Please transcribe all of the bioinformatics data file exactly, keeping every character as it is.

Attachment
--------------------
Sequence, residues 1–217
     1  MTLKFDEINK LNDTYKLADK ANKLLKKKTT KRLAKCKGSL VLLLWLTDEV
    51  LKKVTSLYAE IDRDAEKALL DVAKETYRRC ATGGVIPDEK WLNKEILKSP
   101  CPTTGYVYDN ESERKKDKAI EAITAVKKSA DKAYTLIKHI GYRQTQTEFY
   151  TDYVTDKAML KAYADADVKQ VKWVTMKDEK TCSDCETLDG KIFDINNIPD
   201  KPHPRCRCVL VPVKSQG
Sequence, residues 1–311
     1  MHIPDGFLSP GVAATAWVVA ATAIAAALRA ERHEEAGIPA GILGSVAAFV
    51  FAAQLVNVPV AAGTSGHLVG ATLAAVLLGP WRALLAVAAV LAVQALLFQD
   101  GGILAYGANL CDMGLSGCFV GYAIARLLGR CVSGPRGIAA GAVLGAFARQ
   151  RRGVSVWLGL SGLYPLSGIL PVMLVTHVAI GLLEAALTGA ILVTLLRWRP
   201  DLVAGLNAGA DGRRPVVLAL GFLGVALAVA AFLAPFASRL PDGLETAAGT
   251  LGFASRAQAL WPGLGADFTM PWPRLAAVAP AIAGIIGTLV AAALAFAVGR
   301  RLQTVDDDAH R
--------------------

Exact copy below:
Sequence, residues 1–217
     1  MTLKFDEINK LNDTYKLADK ANKLLKKKTT KRLAKCKGSL VLLLWLTDEV
    51  LKKVTSLYAE IDRDAEKALL DVAKETYRRC ATGGVIPDEK WLNKEILKSP
   101  CPTTGYVYDN ESERKKDKAI EAITAVKKSA DKAYTLIKHI GYRQTQTEFY
   151  TDYVTDKAML KAYADADVKQ VKWVTMKDEK TCSDCETLDG KIFDINNIPD
   201  KPHPRCRCVL VPVKSQG
Sequence, residues 1–311
     1  MHIPDGFLSP GVAATAWVVA ATAIAAALRA ERHEEAGIPA GILGSVAAFV
    51  FAAQLVNVPV AAGTSGHLVG ATLAAVLLGP WRALLAVAAV LAVQALLFQD
   101  GGILAYGANL CDMGLSGCFV GYAIARLLGR CVSGPRGIAA GAVLGAFARQ
   151  RRGVSVWLGL SGLYPLSGIL PVMLVTHVAI GLLEAALTGA ILVTLLRWRP
   201  DLVAGLNAGA DGRRPVVLAL GFLGVALAVA AFLAPFASRL PDGLETAAGT
   251  LGFASRAQAL WPGLGADFTM PWPRLAAVAP AIAGIIGTLV AAALAFAVGR
   301  RLQTVDDDAH R